There has been a lot of hustling and bustling in the Middle East lately, so much so that you might be forgiven for thinking that the promised winds of “change” are firmly on their way. Not since Condi Rice’s now infamous heralding of a “New Middle East” — whilst bombs rained over Southern Lebanon in the summer of 2006 — has there been so much activity on the Middle Eastern chessboard by virtually all of its players.
Despite being trailed closely by the starkest drift to the right in Israeli politics, the election of President Obama by American voters on the declared pledge of “change” has indeed led to a changed mood of diplomacy. The recent four-way ‘mini-summit’ concluded in Riyadh involving the heads of state of Saudi Arabia, Syria, Egypt and Kuwait, and an earlier visit by John Kerry to Syria, following which, he discussed the possibility of “loosening certain sanctions” on Syria “in exchange for verifiable changes in behaviour,”1 are supposedly indicative of this new wave of diplomacy.
Given this milieu of unprecedented regional diplomacy, it is easy to be deluded into thinking that the much awaited departure of former US president Bush has not only invigorated a new dynamism into diplomatic forays, but has also changed the political set of cards in play. In this respect, an immediate threat that faces the global peace movement is precisely this self-consoling expectation of dramatic change that would at once signal an end to all the precedents set by the previous Bush administration.
If history is anything to go by, then promises of change should be viewed with a measure of suspicion. When these promises emanate from an edifice of empire, a level of mistrust given age-old historical experience to the contrary is justified.2 Yet, the global peace movement and wider grassroots activist circles were never informed by the subjectivity of suspicion when they rose against the failed policies of Bush and his cohorts, rather, their principled stands for justice were driven by a pursuit and appreciation of reality. It is therefore necessary to objectively analyse the conditions surrounding the “New Middle East” experiment that was openly declared in 2006, and contrast its basic frameworks against the early moves of the Obama administration.
In the summer of 1996, an Israeli thinktank, the Institute for Advanced Strategic and Political Studies, issued a paper entitled: ‘A Clean Break: A New Strategy for Securing the Realm’.3 Contained in it was not only the blueprint for the invasion and overthrow of the Saddam regime but also a more comprehensive strategy of “redrawing the map of the Middle East”. Amongst the “prominent opinion makers” who contributed to the paper were the usual hawkish neo-cons and pro-Zionism advocates in the US: Richard Perle, Douglas Feith, James Colbert, David and Meyrav Wurmser, the latter of whom was a co-founder of the MEMRI project. More significantly, there remain three markedly relevant features in the substance of the so-called ‘clean break’ strategy that have the potential to decisively influence the shaping of the current Middle East.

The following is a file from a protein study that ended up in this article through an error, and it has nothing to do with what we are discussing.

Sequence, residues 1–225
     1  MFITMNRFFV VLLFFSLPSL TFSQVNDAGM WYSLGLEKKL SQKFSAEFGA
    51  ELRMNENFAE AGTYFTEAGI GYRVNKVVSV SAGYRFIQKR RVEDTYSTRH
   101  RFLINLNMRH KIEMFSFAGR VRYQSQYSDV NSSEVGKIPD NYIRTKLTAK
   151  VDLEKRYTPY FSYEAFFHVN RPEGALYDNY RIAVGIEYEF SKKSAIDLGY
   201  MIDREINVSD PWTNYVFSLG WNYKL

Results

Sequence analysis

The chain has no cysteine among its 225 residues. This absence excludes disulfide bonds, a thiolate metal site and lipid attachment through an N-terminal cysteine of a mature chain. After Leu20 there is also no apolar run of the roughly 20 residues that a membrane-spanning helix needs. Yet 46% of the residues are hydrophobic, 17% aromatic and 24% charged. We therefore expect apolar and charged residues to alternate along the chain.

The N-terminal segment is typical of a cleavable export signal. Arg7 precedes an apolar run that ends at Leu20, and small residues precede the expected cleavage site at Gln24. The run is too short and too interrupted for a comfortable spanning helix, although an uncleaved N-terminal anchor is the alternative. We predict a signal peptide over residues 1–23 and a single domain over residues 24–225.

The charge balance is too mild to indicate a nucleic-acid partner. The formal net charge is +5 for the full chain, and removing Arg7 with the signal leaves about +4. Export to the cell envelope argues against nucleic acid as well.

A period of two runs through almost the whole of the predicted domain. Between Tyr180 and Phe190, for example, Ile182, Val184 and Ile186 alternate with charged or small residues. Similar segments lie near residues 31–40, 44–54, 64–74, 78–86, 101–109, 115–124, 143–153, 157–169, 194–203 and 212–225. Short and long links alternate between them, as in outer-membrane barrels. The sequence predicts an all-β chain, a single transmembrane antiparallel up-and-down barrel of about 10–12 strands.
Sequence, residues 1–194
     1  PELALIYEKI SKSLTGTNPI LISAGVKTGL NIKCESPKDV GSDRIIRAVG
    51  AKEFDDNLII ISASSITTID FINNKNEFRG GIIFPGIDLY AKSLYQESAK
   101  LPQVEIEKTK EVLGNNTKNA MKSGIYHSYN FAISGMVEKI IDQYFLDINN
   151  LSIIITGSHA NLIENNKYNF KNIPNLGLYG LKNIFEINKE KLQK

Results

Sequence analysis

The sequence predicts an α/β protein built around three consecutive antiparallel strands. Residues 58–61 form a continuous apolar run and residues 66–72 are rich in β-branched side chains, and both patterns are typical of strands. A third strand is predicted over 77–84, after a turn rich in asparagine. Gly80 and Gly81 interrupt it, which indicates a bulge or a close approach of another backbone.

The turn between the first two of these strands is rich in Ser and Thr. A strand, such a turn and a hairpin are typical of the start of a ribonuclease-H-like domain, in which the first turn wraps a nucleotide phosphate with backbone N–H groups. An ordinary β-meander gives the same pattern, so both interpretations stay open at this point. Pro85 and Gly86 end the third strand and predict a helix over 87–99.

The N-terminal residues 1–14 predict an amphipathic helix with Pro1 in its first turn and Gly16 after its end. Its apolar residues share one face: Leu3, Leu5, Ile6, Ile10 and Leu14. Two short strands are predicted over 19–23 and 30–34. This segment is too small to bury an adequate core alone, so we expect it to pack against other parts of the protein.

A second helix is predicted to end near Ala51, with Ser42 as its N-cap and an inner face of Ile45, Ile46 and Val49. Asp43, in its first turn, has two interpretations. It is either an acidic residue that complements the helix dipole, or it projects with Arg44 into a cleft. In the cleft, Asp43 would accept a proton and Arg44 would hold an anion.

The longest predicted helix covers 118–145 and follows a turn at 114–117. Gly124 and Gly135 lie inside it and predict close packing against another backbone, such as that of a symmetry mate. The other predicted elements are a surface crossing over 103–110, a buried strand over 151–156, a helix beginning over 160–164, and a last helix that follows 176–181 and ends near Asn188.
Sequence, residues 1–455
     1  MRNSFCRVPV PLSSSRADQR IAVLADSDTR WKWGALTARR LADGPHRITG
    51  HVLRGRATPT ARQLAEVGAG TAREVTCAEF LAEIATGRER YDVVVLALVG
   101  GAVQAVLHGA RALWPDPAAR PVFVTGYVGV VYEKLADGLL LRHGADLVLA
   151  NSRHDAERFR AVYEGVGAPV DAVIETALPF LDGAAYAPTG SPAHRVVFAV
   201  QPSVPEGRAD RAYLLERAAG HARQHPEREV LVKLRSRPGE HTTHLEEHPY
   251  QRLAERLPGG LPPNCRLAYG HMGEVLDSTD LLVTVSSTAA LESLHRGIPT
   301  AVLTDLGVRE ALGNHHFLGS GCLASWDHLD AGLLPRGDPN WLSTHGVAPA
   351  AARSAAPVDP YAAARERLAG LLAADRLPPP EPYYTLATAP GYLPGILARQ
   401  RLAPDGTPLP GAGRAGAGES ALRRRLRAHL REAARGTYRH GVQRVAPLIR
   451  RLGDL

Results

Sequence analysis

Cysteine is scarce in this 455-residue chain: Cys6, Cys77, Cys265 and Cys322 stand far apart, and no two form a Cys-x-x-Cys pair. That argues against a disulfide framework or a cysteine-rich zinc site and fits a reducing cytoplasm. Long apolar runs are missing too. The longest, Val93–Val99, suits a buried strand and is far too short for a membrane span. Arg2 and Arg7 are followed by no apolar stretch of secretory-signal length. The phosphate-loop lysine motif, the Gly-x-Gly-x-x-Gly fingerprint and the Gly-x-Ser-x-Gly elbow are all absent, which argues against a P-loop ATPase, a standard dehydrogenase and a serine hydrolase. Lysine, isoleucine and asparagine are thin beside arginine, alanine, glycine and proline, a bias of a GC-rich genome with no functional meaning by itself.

Firstly, the ‘clean break’ strategy was specifically formulated for implementation by the Netanyahu-led Likud government, which has now been elected by the Israeli electorate. Its major premise of throwing aside the “land for peace” track for a romantically phrased “peace for peace” paradigm effectively dovetails with Netanyahu’s vision for how ‘peace’ is to be achieved in the Occupied Territories, with Syria and the wider Arab world.
Secondly, the paper places central importance on the role and strategic position of Syria. In it, its destabilization is suggested with the aim of undoing the nation’s perceived role as a lynchpin in this connected chain of “dangerous threats” in the region stretching from Iran to Southern Lebanon. Particular detail is given to this factor so much so that the paper moves from offering a geostrategic appraisal to providing a surmised methodological framework on how to destabilize and/or overthrow nations; suggesting an assortment of military direct/indirect strikes, using anti-Syrian proxies (both politically and militarily), embarking on a regional strategy to effectively ostracize the country, and finally launching a massive PR campaign that would demonize Syria and would thereby “remind the world of the nature of the Syrian regime”. As peace activists, it is worth storing the above points in our deeper recesses because in addition to being expressly illegal according to norms of international law — not that we are under any delusions about whether or not the neo-cons respect any law — they also outline the general methods that are employed by empires in dealing with adversaries.
Finally, the role and efficacy of regional neighbours that are allied with the US, in fostering the right conditions and pretexts for implementing this new strategy is to remain paramount in achieving the desired results. These regional players can play a significant aiding role in shaping the “strategic environment” by “weakening, containing, and even rolling back” the threats posed by the Iran-Syria-Hizbullah alliance.